His recommendations are great, and you can rationalize all of it from a social welfare perspective. I think he should add another group:
People who took out equity to pay for home improvements.
They should get the same treatment as people who used equity to cover health care costs.
Green points to a very nice paper form Michael Lacour-Little that shows that about half of southern California borrowers took out equity to buy toys like vacations and boats.
As to Richard’s worry that it would be hard to prove who was who here, I don’t agree. Economists are always allergic to transactions costs, but those are inevitable. If you want to get food stamps or your kid to receive occupational theory for his disability, you’re expected to document your entire freaking life down to the minutest detail. Homeowners wanting relief should face the same scrutiny. Or else barriers to resources should go down for other people in need, too.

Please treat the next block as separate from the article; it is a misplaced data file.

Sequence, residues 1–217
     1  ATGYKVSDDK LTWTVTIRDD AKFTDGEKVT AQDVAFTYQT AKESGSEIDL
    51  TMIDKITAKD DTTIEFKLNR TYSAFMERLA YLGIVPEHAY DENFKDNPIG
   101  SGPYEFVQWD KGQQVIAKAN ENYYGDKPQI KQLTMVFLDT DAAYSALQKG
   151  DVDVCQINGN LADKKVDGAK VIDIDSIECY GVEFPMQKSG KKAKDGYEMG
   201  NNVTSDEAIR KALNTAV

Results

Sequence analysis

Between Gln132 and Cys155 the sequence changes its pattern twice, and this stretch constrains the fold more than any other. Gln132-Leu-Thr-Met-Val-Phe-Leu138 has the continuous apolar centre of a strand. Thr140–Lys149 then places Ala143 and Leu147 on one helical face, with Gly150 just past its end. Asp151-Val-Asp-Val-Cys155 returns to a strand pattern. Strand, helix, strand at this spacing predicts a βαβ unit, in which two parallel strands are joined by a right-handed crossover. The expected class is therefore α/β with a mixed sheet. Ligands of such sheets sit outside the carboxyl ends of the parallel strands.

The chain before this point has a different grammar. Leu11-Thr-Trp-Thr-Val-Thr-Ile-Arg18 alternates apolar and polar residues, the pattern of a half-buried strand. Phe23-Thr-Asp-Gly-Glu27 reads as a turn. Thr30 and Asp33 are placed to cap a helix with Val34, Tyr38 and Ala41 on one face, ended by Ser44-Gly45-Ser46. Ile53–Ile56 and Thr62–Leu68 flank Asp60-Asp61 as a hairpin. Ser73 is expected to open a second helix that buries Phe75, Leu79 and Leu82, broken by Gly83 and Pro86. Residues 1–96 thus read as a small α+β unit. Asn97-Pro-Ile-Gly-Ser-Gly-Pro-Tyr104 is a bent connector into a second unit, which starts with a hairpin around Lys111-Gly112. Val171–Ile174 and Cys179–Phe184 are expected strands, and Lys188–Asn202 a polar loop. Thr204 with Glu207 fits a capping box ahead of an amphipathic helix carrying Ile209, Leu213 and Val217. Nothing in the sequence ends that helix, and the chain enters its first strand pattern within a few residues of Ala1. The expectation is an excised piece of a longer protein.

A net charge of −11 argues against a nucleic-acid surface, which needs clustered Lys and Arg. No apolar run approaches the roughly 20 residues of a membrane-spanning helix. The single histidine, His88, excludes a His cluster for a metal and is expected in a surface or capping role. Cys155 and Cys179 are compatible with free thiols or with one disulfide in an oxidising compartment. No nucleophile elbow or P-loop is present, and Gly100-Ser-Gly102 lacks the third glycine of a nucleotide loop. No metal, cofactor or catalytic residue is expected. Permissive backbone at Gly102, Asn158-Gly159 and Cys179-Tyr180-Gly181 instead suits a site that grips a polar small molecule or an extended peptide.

Given that we are talking about giving away a lot of money to a particular class of people, some of whom are victims and others of whom are decidedly not, I think it’s reasonable to expect people to establish that at the time of their loan they had the documentation to prove the income they claimed even if they didn’t have to document that income to get their loan. Everybody has tax returns. Moreover, I think you can and should be expected to demonstrate where the home equity line of credit went. Hospitals issues bills and so do universities.
The question is how much time this would take, but you can’t get a student loan overnight, either.
For those who think the bad banks are enjoying the cream while poor little struggling homeowners are getting hosed, Lacour-Little shows that property owners in southern California extracted $2 billion of in equity gains while banks have a lost a billion on SoCal. This is a complicated story–much more so than David versus Goliath narrative.